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First-ever 3D printed artificial reefs sunk off Destin-Fort Walton Beach coast

The first 3D printed artificial reefs were deployed on Monday off the Destin-Fort Walton Beach coast, sinking 25 concrete modules to the Gulf floor to establish new marine habitat. The […]

Okaloosa County Public Information Office

The first 3D printed artificial reefs were deployed on Monday off the Destin-Fort Walton Beach coast, sinking 25 concrete modules to the Gulf floor to establish new marine habitat.

  • The Okaloosa Coastal Resource Team successfully completed the deployment of these innovative man-made reefs in state waters (within 9 miles of the shore), ranging from 60 to 90 feet deep across five permitted areas, said Alex Fogg, Coastal Resource Manager.

The $403,262 project is just part of a $1.26 million grant received from Florida Fish and Wildlife Conservation Commission through the Natural Resource Damage Assessment Artificial Reef Creation and Restoration Project, which distributes BP oil spill recovery money for loss of use of the resource during the spill.  

This is the second batch of funding from this granting source (first project completed in 2020). Environmental projects like artificial reefs are a great use of these funds as they provide numerous recreational opportunities to divers and fishers while also creating habitat that benefits the ecosystem, according to Fogg.

“We went out to bid and selected two contractors to handle this new reef project,” Fogg explained. “We selected Walter Marine to construct and deploy more than 250 concrete modules and 1Print to pilot a new artificial reef construction method, 3D concrete printing.”

1Print was historically involved in creating housing and mitigation structures such as breakwaters.  They proposed the concept of 3D printing artificial reef modules and it was well received. Fogg collaborated with their team to create larger-scale versions of their models, aiming for substantial structures with plenty of nooks and crannies.

The finalized dimensions measured approximately 14 feet long, 8 feet tall and 6 feet wide, weighing 15,500 pounds each. The company can print 3 per day in their south Florida facility. Following construction, 1Print shipped the reefs to Orange Beach, AL and coordinated with Walter Marine to deploy their structures.

  • “It was cool to see two reef contractors working together to make this first-of-its-kind project happen here in Destin-Fort Walton Beach,” Fogg said.

The raw material for the reefs is concrete containing fiberglass rebar rather than traditional steel rebar. This is intended to improve durability in the marine environment. 

Printing the reefs presented some new challenges for 1Print compared to past projects. Transporting the modules required some trial and error but they are confident with the process moving forward.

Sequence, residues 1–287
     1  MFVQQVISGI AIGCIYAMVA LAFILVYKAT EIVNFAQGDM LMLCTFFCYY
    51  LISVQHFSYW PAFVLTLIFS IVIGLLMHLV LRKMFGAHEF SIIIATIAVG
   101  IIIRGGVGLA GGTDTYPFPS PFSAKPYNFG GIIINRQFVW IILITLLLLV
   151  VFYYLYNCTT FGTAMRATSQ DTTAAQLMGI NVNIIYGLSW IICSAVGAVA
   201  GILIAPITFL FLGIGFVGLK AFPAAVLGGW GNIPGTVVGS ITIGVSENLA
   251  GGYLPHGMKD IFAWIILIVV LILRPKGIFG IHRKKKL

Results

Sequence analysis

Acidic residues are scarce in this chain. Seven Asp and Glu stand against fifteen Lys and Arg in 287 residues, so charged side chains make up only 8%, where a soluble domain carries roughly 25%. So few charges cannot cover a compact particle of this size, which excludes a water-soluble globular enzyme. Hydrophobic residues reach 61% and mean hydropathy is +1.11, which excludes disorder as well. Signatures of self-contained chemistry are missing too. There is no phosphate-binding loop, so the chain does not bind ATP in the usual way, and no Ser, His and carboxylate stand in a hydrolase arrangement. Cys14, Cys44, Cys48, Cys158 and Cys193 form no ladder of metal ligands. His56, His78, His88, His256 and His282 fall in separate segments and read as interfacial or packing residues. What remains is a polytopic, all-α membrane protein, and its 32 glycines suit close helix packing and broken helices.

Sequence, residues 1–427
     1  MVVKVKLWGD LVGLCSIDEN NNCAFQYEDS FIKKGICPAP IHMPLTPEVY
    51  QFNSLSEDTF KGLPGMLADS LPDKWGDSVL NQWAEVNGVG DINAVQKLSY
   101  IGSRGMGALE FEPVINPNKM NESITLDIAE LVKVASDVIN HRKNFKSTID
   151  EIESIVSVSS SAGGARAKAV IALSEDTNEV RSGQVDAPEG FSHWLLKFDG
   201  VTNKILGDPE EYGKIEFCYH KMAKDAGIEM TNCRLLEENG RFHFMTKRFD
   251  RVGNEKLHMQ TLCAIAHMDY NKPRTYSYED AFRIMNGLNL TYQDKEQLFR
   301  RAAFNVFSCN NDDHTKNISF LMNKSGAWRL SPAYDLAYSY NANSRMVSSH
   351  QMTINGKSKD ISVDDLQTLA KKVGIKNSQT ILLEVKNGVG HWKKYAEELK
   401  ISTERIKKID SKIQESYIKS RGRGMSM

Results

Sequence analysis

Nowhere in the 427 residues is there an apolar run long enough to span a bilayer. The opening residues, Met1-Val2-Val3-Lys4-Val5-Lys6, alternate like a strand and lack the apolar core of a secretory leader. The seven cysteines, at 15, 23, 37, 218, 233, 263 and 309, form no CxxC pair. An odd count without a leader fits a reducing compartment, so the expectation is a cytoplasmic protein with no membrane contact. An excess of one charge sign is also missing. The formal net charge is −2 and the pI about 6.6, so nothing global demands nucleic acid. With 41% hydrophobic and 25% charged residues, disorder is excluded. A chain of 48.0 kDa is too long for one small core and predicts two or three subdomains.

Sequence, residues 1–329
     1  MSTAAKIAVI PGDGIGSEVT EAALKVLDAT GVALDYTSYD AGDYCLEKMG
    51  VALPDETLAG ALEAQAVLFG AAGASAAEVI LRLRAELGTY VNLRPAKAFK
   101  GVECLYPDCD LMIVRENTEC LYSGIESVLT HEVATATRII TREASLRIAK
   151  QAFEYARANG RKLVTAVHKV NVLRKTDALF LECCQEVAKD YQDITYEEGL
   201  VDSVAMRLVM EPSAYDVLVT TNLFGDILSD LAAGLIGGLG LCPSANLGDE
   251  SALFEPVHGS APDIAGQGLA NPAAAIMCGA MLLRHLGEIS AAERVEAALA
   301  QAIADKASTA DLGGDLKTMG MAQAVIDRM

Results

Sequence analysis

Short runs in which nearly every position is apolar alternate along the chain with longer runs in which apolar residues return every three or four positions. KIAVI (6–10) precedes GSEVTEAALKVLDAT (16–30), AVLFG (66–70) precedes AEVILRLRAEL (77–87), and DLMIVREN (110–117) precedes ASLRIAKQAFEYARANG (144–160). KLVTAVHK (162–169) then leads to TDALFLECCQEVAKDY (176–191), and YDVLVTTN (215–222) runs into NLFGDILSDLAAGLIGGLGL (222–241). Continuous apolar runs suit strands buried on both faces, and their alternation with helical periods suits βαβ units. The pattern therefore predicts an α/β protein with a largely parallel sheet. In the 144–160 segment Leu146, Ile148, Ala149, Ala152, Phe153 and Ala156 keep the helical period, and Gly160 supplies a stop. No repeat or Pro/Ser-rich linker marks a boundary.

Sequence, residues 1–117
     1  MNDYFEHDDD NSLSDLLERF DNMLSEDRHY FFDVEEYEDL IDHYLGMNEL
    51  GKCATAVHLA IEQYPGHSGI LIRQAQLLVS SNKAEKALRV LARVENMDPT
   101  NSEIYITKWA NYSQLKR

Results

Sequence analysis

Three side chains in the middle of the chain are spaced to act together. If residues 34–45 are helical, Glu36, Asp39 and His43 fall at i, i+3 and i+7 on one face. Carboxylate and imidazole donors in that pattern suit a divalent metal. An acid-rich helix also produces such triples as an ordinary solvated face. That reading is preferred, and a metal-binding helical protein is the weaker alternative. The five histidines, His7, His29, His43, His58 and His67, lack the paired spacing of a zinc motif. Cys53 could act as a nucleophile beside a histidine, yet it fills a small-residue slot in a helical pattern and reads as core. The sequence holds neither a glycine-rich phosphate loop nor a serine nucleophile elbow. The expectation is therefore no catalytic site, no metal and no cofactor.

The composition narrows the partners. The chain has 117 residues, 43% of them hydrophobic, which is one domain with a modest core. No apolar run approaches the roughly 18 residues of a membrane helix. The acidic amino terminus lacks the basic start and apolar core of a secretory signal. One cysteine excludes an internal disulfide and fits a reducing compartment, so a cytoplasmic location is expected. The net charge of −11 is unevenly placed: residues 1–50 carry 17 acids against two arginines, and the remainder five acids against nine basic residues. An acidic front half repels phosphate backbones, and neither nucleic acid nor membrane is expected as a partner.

• “We found some efficiencies that allowed us to go to mass scale and we’re confident we can go into mass production for future projects as well,” said Adam Friedman, co-founder of 1Print.
Okaloosa County Public Information Office

For a 3D construction company previously focused on real estate development, marine infrastructure provides a meaningful shift toward improving marine ecosystems.

The artificial reefs may tower 8 feet tall on the production floor, but they settle into the sandy bottom and act as a base structure welcoming marine residents.

“We’ve been deploying artificial reef modules here for many years, but these 3D printed reefs offer some nice diversity to the underwater landscape and may open the door to developing more complex structures,” Fogg said.

That diversity could come in the form of additional 3D printed artificial reefs in the future that Fogg says could be anything from structures designed to mimic familiar structures like concrete tanks to airplanes or abstract structures that have never been developed before.

  • “We’re hoping that this 3D technology will open the door for us to get a little more creative. We could have additional military designs that are constructed out of concrete, as opposed to having to source an actual plane or a tank that needs to be demilitarized,” he said. “At the end of the day, after a few years underwater, the growth on the structure will make it hard to tell the difference between a real or printed structure.
Okaloosa County Public Information Office

The designs provide a departure from typical secondary use materials like concrete culverts or retired ships. While Fogg said their more common reefs (prefabricated modules and vessels) effectively sustain sea life already, introducing different shapes and textures is welcomed by his team.

“We’re going to be monitoring these new reefs over time to see how they perform and see if there are design tweaks that we need to make, to make them more attractive to marine life,” said Fogg. “Time will tell how they perform, but this new technology is exciting and the variations from our existing projects continues to show that our area is at the forefront of artificial reef development.”

For 1Print, they could not be happier with the success of sinking these reefs offshore Destin-Fort Walton Beach. 

  • “Alex and his team have been really supportive and they’re very passionate about this,” said Friedman. “It’s great to contribute to the area, the tourism and the ecosystem. We know it’s important to the residents and it’s important to us.”

Coordinates for the new 3D printed modules can be found here.

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